You’re jamming away in a song, playing some tasty-manelli licks. Its going great. You play through the song a 2nd time round. Its ok. 3rd time… getting stale… What’s happening here? Where did the sparkle go…???
This is what happens when you solo with no structure. When you’re playing only one scale to fit all the chords. (ONE SCALE TO RULE THEM ALL) Don’t go all Sauron, Lord Of The Rings over your soloing. Get some structure. This is what this post is all about.
Because, Mr. Frodo, Gandalf said to look after you. And I mean to. #geekout
Why Learn Chord Tone Soloing?
Chord tone soloing is the key to soloing over any chord. Yes, any.
It essentially targets the most important notes of a chord, the ones that make a chord what it is. So when you also highlight those notes in your soloing, you become much more in harmony with the rest of the song.
Chord tone soloing is a fairly easy concept to understand (that is, if I’m doing my job properly!). We’ll go into more detail soon, but essentially you are targeting the core notes of a chord, which are usually the:
There are exceptions to this rule, but this is the basic foundation.
With chord tone soloing, its a lifelong skill you develop, because of the near endless combinations of chords you can solo over.
What does it sound like?
Here’s a simple chord progression: D G C A
This chord progression is in the key of D Major. Therefore, we can play a D Major scale over the entire chord progression.
However, using chord tone soloing creates a more harmonious solo with the underlying progression being played, compared to just playing the D Major scale. There are a couple reasons for this:
- There is a note in the C Major chord that doesn’t belong in the D Major scale, creating dissonance
- The strong tones of each chord are not being played on the strong beats of the rhythm
How To Do It Yourself
The first step to doing it yourself is to choose your chords. These will be determined by what song/ backing track you’re playing with.
Example: We’ll continue to use our D G C A progression.
The next step is identifying the chord tones of these chords. Each chord includes 3 – 4 notes that serve as ‘strong tones’, or, notes that give the chord its particular sound; notes that, if you changed them, you’d be changing the basic nature of that chord.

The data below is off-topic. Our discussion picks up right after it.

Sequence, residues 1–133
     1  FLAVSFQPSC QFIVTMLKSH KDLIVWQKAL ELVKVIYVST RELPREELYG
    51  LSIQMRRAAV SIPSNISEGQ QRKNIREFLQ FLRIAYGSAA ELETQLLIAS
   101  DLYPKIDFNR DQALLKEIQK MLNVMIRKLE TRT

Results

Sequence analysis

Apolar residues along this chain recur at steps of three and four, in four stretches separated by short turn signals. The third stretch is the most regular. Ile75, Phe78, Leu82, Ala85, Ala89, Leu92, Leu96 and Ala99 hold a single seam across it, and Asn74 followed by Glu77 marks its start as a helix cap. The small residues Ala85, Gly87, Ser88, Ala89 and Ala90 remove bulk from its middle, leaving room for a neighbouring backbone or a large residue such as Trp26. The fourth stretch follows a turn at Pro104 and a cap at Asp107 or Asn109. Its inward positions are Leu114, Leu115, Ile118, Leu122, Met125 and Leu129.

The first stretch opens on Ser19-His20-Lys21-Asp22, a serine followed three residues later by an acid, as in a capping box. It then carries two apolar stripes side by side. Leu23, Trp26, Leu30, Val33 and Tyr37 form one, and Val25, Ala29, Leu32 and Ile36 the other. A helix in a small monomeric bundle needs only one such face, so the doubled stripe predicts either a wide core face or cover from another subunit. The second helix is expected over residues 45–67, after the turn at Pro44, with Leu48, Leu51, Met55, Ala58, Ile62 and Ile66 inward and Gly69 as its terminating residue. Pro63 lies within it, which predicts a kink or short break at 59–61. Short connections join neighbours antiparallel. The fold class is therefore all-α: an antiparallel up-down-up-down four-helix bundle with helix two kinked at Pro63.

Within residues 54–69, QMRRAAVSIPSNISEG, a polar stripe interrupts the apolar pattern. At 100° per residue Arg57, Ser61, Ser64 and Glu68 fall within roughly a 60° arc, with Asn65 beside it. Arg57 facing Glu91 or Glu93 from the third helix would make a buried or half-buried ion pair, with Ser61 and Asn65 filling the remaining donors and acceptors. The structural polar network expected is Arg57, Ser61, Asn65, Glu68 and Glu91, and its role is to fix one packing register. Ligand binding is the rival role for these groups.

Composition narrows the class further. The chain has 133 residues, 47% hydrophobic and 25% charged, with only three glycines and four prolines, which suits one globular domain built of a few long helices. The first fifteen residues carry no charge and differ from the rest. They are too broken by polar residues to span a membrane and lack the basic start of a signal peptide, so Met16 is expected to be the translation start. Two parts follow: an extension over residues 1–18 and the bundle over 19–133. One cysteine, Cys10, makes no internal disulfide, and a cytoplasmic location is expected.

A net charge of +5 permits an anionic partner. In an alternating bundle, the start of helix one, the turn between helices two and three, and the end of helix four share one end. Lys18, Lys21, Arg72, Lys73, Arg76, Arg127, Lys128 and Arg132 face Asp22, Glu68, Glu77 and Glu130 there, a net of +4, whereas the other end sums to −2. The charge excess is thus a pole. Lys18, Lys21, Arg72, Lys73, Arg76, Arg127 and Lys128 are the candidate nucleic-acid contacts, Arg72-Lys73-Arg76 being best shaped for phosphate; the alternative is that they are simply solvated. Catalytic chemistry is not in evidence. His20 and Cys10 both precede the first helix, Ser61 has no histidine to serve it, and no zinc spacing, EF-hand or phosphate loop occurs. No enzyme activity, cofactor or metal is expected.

Example: The chord tones are commonly the:
Root note (1st note)
… Of each chord. Chord tones for each chord in our progression are:
- Root: D
- 3rd: F#
- 5th: A
- Root: G
- 3rd: B
- 5th: D
- Root: C
- 3rd: E
- 5th: G
- Root: A
- 3rd: C#
- 5th: E
Note: The C note in the C chord is the note that doesn’t belong in the D Major scale (the scale being D E F# G A B C#)
Now we need to target these chord tones when a chord is being played.
Think of each chord tone as a ‘strong tone’, or a strong note, that emphasises the chord it belongs to. These strong tones need to be paired with strong beats of the underlying rhythm, so they stand out more clearly.
Example:Here’s a rhythm:
The strong beats here are the 1st, 2nd and 4th beats – those where a down strum is being played. So over each chord, we need to play chord tones on the 1st, 2nd and 4th beats.
Over our D G C A progression, It looks like this:
Chord tone soloing over D Major
Chord tone soloing over G Major
Chord tone soloing over C Major
Chord tone soloing over A Major
To ease into this approach to soloing, start by playing only 1 chord tone over each chord at a time. If you feel like it, you can fill in the gaps with whatever else you would like, as long as you target the chord tone on the strong beats of the rhythm.
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